By: Oliver Davis
Social Media Coordinator  

On the 19 and 20 of January the Jim and Linda Lee Planetarium opened its doors to the public for the first time.

Tickets for these premiere showings were free, but did need to be obtained ahead of time.

The planetarium is using an outside company to provide the ticketing service that is easy to use and makes the process very simple.

Seeing as this event was open to the public, the majority of attendees were families from Prescott who wanted to see the first of many star-gazing opportunities that the school will offer.  

One student attendant, Taylor Green, remarked that, “There were so many people from Prescott who have no affiliation with the school, which means people really wanted to come to this event.” 

The theater quickly filled up with visitors eager to see the capabilities of the newly completed spectacle.

Guests were welcomed by the nights’ host who was beyond excited to welcome everyone to the planetarium.

Once almost every seat in the room was filled, he began to talk about the planetarium and all the many interesting facts about it and what it is capable of doing.

After this brief introduction, it was time for the show to begin. 

The lights were turned completely off and the dome overhead became filled with stars of all different sizes and intensities.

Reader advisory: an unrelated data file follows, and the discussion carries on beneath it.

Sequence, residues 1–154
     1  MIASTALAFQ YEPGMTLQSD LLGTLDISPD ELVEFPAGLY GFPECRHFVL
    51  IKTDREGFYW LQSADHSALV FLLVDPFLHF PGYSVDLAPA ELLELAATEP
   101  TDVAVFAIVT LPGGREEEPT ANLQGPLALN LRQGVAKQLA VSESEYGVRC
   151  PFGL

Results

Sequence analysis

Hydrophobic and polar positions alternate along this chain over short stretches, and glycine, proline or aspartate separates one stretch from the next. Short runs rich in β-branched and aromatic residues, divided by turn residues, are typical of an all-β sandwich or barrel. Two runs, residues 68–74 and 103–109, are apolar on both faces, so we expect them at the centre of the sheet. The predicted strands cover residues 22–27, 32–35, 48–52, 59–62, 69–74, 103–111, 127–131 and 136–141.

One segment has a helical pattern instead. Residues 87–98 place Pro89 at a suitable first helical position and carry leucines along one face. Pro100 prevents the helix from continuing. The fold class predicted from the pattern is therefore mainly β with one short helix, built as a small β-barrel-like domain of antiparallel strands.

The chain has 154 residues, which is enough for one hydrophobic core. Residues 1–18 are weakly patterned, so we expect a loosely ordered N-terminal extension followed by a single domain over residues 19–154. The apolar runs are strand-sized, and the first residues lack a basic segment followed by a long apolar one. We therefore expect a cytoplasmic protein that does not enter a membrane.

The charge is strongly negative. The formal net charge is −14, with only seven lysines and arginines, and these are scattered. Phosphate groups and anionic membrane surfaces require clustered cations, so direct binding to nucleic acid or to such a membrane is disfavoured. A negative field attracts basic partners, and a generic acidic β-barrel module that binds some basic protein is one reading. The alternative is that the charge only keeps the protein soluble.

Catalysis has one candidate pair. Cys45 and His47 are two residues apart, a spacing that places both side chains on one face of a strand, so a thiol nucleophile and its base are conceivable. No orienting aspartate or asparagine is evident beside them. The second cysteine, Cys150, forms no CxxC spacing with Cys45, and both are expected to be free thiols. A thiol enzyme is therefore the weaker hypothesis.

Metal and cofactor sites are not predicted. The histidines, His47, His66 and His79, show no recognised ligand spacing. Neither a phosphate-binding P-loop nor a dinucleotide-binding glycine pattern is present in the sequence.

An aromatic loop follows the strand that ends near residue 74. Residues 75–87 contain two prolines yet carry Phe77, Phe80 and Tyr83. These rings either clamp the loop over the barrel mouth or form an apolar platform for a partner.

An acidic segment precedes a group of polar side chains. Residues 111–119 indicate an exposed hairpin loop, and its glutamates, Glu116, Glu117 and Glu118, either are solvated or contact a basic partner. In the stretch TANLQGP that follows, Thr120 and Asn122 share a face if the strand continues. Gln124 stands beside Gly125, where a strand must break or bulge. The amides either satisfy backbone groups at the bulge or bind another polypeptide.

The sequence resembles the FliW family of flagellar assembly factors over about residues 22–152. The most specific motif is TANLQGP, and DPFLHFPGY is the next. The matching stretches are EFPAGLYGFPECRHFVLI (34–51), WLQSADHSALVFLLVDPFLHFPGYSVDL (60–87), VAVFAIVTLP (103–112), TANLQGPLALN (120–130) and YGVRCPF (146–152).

Some constellations were immediately noticed by many in the audience, like Taurus and Pleiades.

The host made sure to point out all the major stars that were visible so the audience knew where they should look in the sky.

The purpose of this event was to show what the night sky will look like in Prescott during this winter season, which means the information was relevant and of interest to the audience. 

The organizers of this event did a good job at targeting their audience and making sure everyone was engaged as well as learning about the stars that surround us.

The technology that the planetarium uses is exceptional in that it can take you anywhere in the visible universe and can show what the stars look like and their position relative to each other with astounding accuracy.  

An older gentleman named John, who is from Prescott, said, “I was very impressed with what this university has done to help spread science across the community.” 

It is safe to say that all in attendance were very pleased with their experience at the Jim and Linda Lee Planetarium and that they would come to future events that will be held in the planetarium. 

Leave a Reply